I’ve written three, totally different newsletter drafts over the past week. But when I got up this morning, I felt compelled to share the most powerful word in my personal and professional arsenal right now.

No.

Why am I writing about the power of saying “no” when I could be writing about links or content or writing yet another piece of Peloton marketing brilliance?

Because many of you are struggling. 

As we’ve discussed before, you’re probably not working at peak efficiency — no matter how much self care you’re able to enjoy (assuming you’re able to enjoy any right now.) There’s too much big stuff going on in the world, and there’s been zero psychological downtime from it all.

Things feel hard because they are hard. It’s not just you.

On top of everything else, it’s easy to let our personal boundaries get squishy when life gets stressful.

For some of us (typically women, but not always,) it’s easier to go along and acquiesce. Sure, we’ll take care of client care, kid care, elder care, spouse care, and making sure the family life runs smoothly.

After all, it needs to get done, right? We can sleep later.

In the case of freelancing, the refusal to say “no” can create some very unbalanced client relationships. Before you know it, you’re fixing content for free, lowering your rates, and resenting your client for putting you in that position…

(When, let’s face it, you did it to yourself.)

It turns into a slippery slope, fast.

And that’s because saying “no” feels even more difficult right now.

Which makes saying “no” that much more important to your well-being.

This is something I’m struggling with myself. Normally, I am an SEO Writing Superwoman, able to write long-form articles in a single sitting.

Now? Not so much. I get tired faster. It’s easier for me to become overwhelmed, especially when I’m not tracking my time, or I’m spending too much time clearing emails.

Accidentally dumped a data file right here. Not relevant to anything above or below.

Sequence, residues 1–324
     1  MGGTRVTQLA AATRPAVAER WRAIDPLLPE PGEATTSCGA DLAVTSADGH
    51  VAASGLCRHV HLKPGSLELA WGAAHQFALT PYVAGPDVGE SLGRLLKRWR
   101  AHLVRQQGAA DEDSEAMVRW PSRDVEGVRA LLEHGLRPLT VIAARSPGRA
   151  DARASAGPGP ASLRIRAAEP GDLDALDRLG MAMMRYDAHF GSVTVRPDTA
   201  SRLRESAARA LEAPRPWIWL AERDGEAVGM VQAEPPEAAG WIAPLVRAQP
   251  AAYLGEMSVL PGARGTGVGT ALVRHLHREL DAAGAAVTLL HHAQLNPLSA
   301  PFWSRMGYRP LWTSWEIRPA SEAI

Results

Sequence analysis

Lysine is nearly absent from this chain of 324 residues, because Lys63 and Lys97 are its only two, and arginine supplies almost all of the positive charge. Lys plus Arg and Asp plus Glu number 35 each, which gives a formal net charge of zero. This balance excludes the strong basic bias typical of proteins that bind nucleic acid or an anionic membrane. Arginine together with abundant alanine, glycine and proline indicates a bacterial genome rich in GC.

I have my Superwoman moments, but then I need a longer recovery time than normal. 

That’s OK. I get it. 

But even I’ve fallen prey to saying, “Sure, I can help,” because helping makes me feel good. I want to make others’ lives easier. And, dammit, it feels like something I can do and control during an uncontrollable time.

I have to remember that making other people’s lives easier may make my life harder. And that trade-off may not be possible right now.

That’s why I’ve been embracing the word “no” to anything that’s not mission-critical to my work or happiness.

For instance…

“No, I can’t jump on a Zoom call with you right now.”

“No, I can’t participate in your guest expert roundup.”

“No, I can’t turn this 1,500-word article around by tomorrow.”

“No, I can’t do that for free. Even if it’s a great cause. Even if I’ve helped you before.”

“No, although I would normally love to participate in X, this time, I have to pass.”

(Did you feel a combination of freaked-out and free when you read the word “no”? Then saying “no” is exactly what you need.)

Do I love saying “no”? Heck no. It’s weird, especially when it’s something that I’d love to do. But, I know the Heather-cost would be huge. I don’t have that kind of bandwidth right now.

Plus, every time I say “no,” I feel a little more in control of my time.

You know that feeling when a client cancels, and suddenly you have “free time” that you didn’t expect?

That’s how I feel. It’s freeing.

And you can feel free, too.

This week, say “no” to one thing that doesn’t serve you. Then, use that found time to do something good for yourself. Read a book. Stare out the window. Take a socially-distanced walk with a friend.

Every time you say “no” to something that doesn’t serve you, you’re saying “yes” to your well-being and creativity. You’re freeing up that brain space for something bigger and better.

After all, don’t we all need a little more brain space right now?

What do you think?

When’s the last time you’ve said “no”? How did it feel?  Leave a comment and let me know.